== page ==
First make the pie crust.* Note: this pie crust recipe makes 2 crusts and you only need one, so you can freeze one for later. Or use it to make this Cheesecake Pecan Pie. Do it do it! Measure out 1/4 cup water into a glass measuring cup and stick it in the freezer.
In a large bowl, whisk together flour, sugar, and salt.
Use a pastry cutter. Cut until it looks like coarse crumbs. Don't overdo it!
In a small bowl beat one egg. Pour out half (into the sink or into another container, or heck, into a frying pan). You can just eyeball it. I know this is annoying, but it makes for SUCH a tender crust!
Add the half beaten egg to the cold water that you put in the freezer. Beat it together, then add it to the butter mixture. Stir until it is just coming together, then use your hands to knead it once or twice (only to make it come together). Divide the dough in half. Shape one half into a disk and put it in a ziplock bag in your freezer for the next time you make this pie.
Roll out the remaining dough on a well-floured surface. I love to use my pastry cloth. Roll the dough loosely on the rolling pin to transfer to a 9-inch pie pan. Fold the edges under and crimp/shape the crust however you want. Place the formed crust in the fridge while you make the filling.
Preheat the oven to 425 degrees F.
Make the filling: In a large bowl, whisk together 1/2 cup white sugar, 1/2 cup brown sugar, 2 and 1/2 tablespoons flour, 1/2 teaspoon salt, ginger, cinnamon, nutmeg, cloves, cardamom, and black pepper.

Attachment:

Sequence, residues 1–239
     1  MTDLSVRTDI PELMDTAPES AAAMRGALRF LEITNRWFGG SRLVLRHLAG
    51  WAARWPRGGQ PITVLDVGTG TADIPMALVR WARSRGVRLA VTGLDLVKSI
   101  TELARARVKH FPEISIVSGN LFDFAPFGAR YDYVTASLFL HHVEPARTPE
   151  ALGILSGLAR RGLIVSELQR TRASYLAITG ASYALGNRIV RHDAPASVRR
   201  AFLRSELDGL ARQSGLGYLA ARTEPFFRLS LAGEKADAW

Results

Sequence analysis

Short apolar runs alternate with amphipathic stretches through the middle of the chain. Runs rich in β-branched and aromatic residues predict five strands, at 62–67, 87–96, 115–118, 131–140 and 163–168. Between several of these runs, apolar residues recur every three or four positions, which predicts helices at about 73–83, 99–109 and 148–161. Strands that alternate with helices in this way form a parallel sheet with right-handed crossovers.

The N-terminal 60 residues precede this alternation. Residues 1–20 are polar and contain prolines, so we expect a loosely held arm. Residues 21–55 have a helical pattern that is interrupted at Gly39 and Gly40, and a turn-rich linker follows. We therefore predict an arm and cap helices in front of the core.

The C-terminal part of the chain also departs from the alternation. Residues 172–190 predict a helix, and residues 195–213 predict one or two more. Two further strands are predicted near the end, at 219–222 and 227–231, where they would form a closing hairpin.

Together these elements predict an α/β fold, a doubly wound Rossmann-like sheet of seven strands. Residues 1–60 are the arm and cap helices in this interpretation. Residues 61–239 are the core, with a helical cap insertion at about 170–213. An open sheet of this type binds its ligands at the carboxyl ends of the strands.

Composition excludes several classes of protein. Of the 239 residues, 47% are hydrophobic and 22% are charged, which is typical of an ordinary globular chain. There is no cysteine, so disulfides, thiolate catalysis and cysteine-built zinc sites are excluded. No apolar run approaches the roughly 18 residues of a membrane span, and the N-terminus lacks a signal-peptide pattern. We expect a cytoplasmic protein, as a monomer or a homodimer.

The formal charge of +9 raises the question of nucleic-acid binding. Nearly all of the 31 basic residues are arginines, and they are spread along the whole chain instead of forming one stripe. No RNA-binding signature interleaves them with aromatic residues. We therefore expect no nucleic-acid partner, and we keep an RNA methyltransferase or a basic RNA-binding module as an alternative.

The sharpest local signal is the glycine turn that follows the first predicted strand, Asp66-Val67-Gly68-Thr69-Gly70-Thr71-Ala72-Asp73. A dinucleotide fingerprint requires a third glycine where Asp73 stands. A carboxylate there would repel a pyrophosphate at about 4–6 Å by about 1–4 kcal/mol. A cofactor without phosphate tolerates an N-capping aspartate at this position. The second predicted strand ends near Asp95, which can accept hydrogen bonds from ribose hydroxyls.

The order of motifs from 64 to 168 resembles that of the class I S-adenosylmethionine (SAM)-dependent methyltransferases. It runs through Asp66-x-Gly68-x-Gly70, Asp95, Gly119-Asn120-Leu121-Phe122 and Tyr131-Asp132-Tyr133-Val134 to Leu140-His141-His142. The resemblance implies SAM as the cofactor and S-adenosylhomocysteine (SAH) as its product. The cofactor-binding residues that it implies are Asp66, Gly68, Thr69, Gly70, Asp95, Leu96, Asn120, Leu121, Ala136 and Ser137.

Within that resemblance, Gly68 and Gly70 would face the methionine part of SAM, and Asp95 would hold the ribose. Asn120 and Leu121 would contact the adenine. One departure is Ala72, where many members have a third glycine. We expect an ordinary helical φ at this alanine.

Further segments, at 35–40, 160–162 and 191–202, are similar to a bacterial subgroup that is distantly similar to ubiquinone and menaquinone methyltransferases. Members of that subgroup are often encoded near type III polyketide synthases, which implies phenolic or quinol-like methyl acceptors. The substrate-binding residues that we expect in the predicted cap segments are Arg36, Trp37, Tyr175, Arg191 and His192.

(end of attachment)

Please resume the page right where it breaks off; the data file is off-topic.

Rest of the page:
Add the pumpkin puree, 2 eggs, 2 egg yolks, and cream. Whisk until there are no lumps.
Pour the filling into the prepared crust.
Bake at 425 for 12 minutes.
Lower the oven temperature to 350 degrees F. Cover the pie crust with aluminum foil so that it doesn't get too brown. The center of the pie should be uncovered. (see photos)
Bake at 350 for about 35-40 minutes. The pie will NOT be set in the middle. When it is done, the outer 2 inches of the pie (closest to the crust) should not move when you shake the pan. Over baking is what makes for a boring pumpkin pie texture, so don't over bake!
Don't take the pie out! Turn off the oven and open the oven door all the way for at least 5 minutes to let it cool down. If it's annoying to have the oven door open, after 5 minutes shut the oven door but leave it open a crack if possible. Pumpkin pie is a custard, and custard puffs as it cooks. When it cools, it shrinks and pulls to the edges, causing cracks in your pie. We want it to shrink slowly, so no dramatic temperature changes.
Once the pie has cooled to room temperature, transfer to the refrigerator. Chill for at least 2-3 hours, until completely cold.
When you are ready to serve the pie, evenly sprinkle some of the fine sugar over the top. A thin layer is best. Use a kitchen torch to brulee the top. Make sure you keep the flame moving, don't stay in one spot. The sugar will start to bubble and brown. Do NOT let the flame touch the crust. It will burn instantly.
If you like, you can sprinkle with more sugar and repeat the torching process. Just like when you're painting a wall, multiple thin layers are better than 1 thick layer. The sugar will become crackly within 1-2 minutes after torching.
Since you can't get near the crust, you will probably have a ring of sugar around the perimeter of your pie. I used a pastry brush to sweep it toward the center and torch it. Then I wet the brush just a tiny bit and brushed the very edge of the crust so that it wasn't white anymore. You only need to do this if presentation is really important to you.
You have about 15-20 minutes before the crackles on top of the pie start to go soft. The torching really does have to happen last minute. The good news is that you can always just add more sugar and torch again, as many times as you like. I've been torching each individual leftover slice all week.
Serve with whipped cream and a sprinkle of cinnamon!